Merritt J. Green
June 26, 2015
McLean ,VA 22101
Enter Your Zip Code to Connect with a Lawyer Serving Your Area
The federal Fair Labor Standards Act (FLSA) sets standards for employees’ pay, including a national minimum wage and child labor protections. It also requires employers to pay overtime earnings to most employees who work more than 40 hours per week. Many businesses identify their employees as exempt or nonexempt. This classification decides which employees are eligible for overtime pay.
FLSA overtime rules do not apply to some types of employees. For example, the Act does not cover taxi drivers, babysitters, and many agricultural workers. It doesn’t apply to employees covered by other federal labor laws. For example, the Motor Carriers Act governs pay for many truck drivers.
The FLSA also exempts other types of employees from its overtime-pay requirements. It provides employers with rules to decide whether an employee is exempt. The test for whether an employee is exempt depends on three factors: how much the employee is paid, whether the employee receives a salary or an hourly wage, and what kind of work the employee does.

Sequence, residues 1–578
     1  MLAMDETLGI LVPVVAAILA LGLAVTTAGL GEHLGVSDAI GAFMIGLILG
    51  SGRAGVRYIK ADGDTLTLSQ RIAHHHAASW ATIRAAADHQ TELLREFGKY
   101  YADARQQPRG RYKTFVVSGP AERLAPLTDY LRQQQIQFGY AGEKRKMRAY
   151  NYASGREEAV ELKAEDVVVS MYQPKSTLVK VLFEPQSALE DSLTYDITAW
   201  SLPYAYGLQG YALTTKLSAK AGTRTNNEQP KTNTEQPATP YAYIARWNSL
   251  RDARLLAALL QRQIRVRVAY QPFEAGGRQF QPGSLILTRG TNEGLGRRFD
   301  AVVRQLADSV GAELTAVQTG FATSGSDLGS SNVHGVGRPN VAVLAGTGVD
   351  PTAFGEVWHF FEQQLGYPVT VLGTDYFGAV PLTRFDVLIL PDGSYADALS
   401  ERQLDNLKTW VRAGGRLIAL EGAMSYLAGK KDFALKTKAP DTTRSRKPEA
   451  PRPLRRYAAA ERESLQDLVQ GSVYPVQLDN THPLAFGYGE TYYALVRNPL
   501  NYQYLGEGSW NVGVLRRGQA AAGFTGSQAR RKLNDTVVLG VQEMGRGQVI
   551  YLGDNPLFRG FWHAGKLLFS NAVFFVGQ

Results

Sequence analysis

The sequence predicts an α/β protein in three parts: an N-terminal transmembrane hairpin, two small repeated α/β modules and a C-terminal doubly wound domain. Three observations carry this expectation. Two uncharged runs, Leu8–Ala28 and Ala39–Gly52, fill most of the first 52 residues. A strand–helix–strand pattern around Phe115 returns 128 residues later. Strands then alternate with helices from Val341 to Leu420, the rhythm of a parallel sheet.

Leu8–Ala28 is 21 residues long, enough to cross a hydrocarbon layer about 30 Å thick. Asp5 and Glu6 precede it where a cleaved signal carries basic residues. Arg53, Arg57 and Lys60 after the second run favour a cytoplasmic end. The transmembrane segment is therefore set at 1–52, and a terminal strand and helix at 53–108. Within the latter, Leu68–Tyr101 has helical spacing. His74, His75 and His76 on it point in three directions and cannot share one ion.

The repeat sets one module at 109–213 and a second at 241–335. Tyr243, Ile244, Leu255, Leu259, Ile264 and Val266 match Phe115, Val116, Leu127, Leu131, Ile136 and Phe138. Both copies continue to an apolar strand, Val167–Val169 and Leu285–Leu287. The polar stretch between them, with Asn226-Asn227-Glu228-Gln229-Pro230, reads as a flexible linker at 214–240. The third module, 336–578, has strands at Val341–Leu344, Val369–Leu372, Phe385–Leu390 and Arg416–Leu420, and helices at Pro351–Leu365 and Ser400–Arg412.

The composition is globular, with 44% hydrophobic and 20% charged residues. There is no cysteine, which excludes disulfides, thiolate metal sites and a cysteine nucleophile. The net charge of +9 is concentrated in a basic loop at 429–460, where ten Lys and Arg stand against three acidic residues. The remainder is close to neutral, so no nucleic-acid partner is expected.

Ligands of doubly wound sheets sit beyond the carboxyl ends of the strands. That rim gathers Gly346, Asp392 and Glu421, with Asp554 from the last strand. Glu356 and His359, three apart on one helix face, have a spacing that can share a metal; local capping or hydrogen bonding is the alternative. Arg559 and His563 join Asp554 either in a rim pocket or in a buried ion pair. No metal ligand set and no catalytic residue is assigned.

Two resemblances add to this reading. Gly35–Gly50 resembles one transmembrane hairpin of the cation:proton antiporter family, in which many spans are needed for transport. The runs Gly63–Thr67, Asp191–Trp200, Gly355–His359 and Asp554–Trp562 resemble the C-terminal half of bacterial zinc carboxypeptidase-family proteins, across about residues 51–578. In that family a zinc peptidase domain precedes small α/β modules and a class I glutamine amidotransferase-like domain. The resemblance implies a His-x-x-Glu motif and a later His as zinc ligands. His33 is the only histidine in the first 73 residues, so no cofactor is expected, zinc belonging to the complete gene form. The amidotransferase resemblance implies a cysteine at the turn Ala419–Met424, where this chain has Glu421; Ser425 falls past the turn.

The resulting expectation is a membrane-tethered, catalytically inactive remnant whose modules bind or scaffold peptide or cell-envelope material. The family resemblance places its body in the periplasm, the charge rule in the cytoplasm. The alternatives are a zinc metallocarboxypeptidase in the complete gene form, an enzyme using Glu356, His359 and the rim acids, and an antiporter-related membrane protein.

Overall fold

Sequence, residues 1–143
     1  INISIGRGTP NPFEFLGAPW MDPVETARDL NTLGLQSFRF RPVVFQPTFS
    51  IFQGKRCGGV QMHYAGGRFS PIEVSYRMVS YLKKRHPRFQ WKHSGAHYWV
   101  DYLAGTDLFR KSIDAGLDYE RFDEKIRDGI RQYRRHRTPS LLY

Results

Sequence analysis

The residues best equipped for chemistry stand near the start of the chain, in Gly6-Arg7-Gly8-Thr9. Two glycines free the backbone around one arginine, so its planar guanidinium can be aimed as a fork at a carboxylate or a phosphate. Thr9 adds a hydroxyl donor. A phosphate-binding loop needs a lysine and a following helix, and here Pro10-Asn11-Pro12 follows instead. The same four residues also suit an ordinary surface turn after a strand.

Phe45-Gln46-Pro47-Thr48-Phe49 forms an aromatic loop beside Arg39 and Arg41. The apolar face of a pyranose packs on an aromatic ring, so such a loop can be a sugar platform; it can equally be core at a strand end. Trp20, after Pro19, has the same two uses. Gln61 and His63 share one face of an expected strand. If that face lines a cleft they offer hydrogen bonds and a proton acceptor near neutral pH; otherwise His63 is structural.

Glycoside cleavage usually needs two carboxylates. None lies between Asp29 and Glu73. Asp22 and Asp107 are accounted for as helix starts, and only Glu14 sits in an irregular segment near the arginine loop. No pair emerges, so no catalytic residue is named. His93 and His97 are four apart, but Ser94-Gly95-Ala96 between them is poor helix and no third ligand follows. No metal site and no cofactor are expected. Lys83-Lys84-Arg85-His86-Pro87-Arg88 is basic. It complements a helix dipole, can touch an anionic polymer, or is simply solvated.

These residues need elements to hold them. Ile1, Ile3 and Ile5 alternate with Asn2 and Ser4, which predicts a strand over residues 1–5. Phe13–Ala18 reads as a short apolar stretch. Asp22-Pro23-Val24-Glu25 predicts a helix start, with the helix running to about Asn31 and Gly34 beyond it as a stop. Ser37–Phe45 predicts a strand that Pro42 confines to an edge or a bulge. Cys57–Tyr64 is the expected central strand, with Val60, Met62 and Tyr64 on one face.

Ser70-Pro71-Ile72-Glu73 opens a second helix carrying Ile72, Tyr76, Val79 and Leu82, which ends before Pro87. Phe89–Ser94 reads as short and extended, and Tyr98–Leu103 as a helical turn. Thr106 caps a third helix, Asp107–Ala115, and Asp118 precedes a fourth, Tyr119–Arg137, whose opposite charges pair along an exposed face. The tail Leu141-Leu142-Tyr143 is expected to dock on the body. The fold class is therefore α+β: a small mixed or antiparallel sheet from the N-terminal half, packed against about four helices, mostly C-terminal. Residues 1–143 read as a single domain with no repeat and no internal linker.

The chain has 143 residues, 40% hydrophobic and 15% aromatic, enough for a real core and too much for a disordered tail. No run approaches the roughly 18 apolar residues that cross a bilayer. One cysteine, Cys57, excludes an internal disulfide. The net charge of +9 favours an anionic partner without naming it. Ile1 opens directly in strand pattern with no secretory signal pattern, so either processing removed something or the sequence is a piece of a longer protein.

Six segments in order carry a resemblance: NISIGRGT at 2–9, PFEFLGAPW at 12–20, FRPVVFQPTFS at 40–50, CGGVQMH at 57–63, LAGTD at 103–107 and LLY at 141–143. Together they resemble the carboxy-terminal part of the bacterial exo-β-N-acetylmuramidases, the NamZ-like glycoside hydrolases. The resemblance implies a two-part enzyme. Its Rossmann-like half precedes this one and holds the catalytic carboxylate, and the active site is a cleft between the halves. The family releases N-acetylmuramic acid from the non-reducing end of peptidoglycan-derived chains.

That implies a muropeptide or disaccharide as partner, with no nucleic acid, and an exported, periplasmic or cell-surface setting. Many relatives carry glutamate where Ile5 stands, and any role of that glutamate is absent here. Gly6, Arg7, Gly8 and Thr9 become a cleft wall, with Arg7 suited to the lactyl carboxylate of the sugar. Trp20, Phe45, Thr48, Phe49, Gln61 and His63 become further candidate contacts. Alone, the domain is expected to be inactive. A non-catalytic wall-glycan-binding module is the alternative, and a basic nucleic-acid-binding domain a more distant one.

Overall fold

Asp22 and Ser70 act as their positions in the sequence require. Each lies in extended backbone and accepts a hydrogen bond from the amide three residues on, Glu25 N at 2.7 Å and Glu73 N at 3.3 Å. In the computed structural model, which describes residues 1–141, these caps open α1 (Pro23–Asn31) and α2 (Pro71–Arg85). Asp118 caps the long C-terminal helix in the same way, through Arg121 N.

An employee who earns more than $23,600 a year and is paid on a salary basis may be exempt. In most cases, an employee is paid on a salary basis if the employee receives a guaranteed amount of money for a work week and the paycheck is calculated on an annual salary amount. If you are exempt and salaried, your employer does not have to pay you anything extra for working more than 40 hours.
To qualify as exempt, an employee must also perform certain types of work. The act has many guidelines governing job duties. Most exempt job duties fall into one of three categories:
Employees who do not meet the exempt requirements are nonexempt workers. For example, factory workers who are paid by the hour are usually nonexempt. The FLSA requires employers to pay nonexempt employees overtime. In most cases, the overtime pay rate is one-and-a-half times an employee’s usual rate of pay for each hour worked beyond 40 hours in a week.
The law related to exempt and nonexempt employees and the payment of overtime is complicated. Plus, the facts of each case are unique. This article provides a brief, general introduction to the topic. For more detailed, specific information, please contact an employment or labor lawyer.